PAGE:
During a wide-ranging interview Thursday at the University of Virginia’s Miller Center, U.S. Attorney General Eric H. Holder Jr. made national headlines for remarks on at least two topics: banking for legal marijuana businesses, and Edward Snowden, the former National Security Agency contractor who has leaked classified documents.
Snowden’s leaks revealed the NSA deployed extensive surveillance capabilities since 9/11, including actively capturing metadata on all American phone calls.
In remarks that several media outlets interpreted as a subtle softening of position – or an opening for Snowden’s lawyers – Holder said that “if Mr. Snowden wanted to come back to the United States and enter a plea, we would engage with his lawyers.” To elaborate, he added, “We would do the same with any defendant who wanted to enter a plea of guilty, so that is the context to what I said,” downplaying the significance of his statement.
In the wake of recent editorials in the New York Times and other newspapers calling for clemency for Snowden, Holder reiterated, “Clemency isn’t something that we are willing to consider.”
He added, “By his actions, [Snowden] has harmed the national security of U.S. in ways I know I can quantify and demonstrate, were I allowed to share with you things I see in my daily intelligence brief.”
The Snowden leaks have prompted national discussion of the NSA programs that capture billions of pieces of data about law-abiding American citizens, including bulk “metadata” on phone calls.
The resulting national discussion is a “consequential conversation” on privacy rights, national security and other “issues that go to the core of who we are as a nation,” Holder said.
“We have unbelievable, wonderful capabilities,” Holder said. “But the president has framed it well: Just because we can do something, doesn’t mean we should do something.”
This was one of many topics Holder addressed in an hour-long interview with journalist and Pulitzer Prize-winning author Douglas A. Blackmon, host of the Miller Center Forum series. The interview, held in front of a capacity audience, was filmed for “American Forum,” the Miller Center’s weekly public-affairs program that airs Sundays on public television across the country, including four stations in Virginia. The Holder interview will air Feb. 9, the Miller Center’s Kim Curtis said.
Holder also made news when he announced that lawful marijuana businesses should have access to the banking system, and the Department of Justice will soon offer rules meant to facilitate that outcome.
Banks have been leery of being connected to any business involving marijuana, for fear of unwanted scrutiny or possible prosecution for money laundering or “aiding and abetting” a criminal enterprise in any way. That has forced newly legalized marijuana dispensaries to conduct business almost entirely in cash, creating a host of risks and difficulties.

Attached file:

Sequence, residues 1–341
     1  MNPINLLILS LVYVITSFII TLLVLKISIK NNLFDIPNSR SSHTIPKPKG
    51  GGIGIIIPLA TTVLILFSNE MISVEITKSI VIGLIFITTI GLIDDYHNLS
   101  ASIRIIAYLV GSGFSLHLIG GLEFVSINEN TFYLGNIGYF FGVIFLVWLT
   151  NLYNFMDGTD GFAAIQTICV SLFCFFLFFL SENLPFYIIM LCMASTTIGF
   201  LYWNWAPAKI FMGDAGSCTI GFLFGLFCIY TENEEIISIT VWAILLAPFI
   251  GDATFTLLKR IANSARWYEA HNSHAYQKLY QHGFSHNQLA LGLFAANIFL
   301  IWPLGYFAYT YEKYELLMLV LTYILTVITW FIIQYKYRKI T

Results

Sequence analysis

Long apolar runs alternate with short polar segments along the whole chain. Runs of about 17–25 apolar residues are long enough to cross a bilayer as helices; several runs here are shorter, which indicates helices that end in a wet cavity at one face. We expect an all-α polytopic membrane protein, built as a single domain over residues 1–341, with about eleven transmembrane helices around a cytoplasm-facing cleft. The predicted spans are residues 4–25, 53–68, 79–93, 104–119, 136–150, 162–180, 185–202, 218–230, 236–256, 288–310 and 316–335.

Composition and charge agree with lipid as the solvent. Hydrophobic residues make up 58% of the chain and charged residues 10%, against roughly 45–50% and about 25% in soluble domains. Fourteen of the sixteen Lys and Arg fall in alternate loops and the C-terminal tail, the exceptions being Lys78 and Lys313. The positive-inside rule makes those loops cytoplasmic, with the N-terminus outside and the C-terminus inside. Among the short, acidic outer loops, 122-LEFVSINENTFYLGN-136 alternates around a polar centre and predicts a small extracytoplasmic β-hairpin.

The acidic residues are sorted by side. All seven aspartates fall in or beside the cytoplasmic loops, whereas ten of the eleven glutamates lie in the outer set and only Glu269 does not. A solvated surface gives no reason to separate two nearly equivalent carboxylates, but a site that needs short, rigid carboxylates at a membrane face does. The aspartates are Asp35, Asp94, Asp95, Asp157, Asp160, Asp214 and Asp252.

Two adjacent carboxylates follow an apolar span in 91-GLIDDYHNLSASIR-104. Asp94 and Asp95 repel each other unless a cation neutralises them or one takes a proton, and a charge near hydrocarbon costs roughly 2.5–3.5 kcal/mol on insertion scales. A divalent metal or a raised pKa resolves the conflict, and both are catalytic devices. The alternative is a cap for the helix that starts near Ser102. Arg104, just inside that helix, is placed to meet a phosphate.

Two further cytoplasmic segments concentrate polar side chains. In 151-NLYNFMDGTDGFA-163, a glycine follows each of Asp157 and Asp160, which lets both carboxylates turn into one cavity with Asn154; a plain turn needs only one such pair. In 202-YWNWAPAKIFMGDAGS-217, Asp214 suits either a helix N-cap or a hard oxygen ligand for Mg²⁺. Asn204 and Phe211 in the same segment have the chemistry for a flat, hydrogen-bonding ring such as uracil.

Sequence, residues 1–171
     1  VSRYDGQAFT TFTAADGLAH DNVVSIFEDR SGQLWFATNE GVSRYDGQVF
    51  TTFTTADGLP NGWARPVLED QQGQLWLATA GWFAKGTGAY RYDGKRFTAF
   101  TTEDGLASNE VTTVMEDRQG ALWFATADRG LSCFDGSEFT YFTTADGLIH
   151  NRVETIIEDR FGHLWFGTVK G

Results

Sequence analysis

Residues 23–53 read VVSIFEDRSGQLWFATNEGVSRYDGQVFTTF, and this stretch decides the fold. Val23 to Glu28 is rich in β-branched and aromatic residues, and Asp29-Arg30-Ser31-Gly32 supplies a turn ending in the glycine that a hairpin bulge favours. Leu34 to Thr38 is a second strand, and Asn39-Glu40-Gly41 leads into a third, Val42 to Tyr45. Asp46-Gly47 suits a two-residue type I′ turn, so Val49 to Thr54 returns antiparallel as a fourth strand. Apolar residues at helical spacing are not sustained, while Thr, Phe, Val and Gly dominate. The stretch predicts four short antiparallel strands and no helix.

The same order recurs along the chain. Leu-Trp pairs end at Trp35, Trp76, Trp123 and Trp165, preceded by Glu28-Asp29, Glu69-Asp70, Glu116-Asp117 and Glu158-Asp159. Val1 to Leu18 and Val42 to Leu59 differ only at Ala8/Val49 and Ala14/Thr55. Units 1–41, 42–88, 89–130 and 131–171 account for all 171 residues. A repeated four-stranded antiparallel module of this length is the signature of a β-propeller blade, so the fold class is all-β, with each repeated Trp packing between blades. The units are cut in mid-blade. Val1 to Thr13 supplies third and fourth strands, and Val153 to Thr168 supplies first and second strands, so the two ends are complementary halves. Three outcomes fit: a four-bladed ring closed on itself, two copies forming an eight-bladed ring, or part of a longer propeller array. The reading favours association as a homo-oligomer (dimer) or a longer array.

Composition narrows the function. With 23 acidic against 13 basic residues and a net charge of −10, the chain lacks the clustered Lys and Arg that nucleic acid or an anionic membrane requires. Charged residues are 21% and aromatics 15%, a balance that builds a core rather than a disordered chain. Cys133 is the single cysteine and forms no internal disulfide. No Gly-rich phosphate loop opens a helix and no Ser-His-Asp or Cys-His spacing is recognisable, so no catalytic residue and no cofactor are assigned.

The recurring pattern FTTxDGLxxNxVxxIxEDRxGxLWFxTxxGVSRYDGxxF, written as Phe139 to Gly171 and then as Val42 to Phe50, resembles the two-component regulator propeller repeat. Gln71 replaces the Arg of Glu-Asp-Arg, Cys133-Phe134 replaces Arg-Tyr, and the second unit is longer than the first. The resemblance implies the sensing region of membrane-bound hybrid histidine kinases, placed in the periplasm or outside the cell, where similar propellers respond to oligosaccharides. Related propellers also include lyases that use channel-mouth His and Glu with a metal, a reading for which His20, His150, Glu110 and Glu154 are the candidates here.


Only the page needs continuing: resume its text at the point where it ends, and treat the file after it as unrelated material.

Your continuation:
“You don’t want just huge amounts of cash in these places. They want to be able to use the banking system,” Holder said. “There’s a public safety component to this. Huge amounts of cash, substantial amounts of cash just kind of lying around with no place for it to be appropriately deposited, is something that would worry me, just from a law enforcement perspective.”
When asked by Blackmon if this was an evolution in the administration’s position on the legalization of marijuana, Holder said the move is “an attempt to deal with a reality that exists in these states” that have legalized marijuana for recreational or medical use. Furthermore, he noted that the Department of Justice would continue to enforce federal drug laws, prioritizing enforcement according to eight principles issued last year, including prevention of marijuana activity that involves violence, minors, interstate trafficking or gangs and cartels.
Mass incarceration and wrongful convictions were just a couple of the thorny issues for the criminal justice system that Holder’s wide-ranging interview touched on, along with gay marriage, racial profiling by police, voter ID laws and the trial of al Qaeda leader Khalid Sheik Mohammed, among other topics.
Former U.S. defense secretary Robert Gates’ contentious new memoir, “Duty: Memoirs of a Secretary at War,” includes some criticism of the current administration, and publishing such a memoir while Obama is still in office “was a mistake” Holder said.
Reflecting on his five years in office, Holder said that some goals could not be accomplished during Obama’s first term. “You can’t come in on day one and do the kinds of things we’re now doing in year five. … It’s a process. ... You have to build support for the kinds of things that we want to do,” he said.
Holder said he took his office because he “wanted to do consequential things… to effect positive change, to raise questions, to correct unfairness, to make our society more just.
“I understood this necessarily would run counter to some of the ideological norms that we have.”
Holder said he was undaunted by the criticism he has faced. “Ten, 15 years from now, people will look back on this Justice Department and say, more often than not, we got it right.”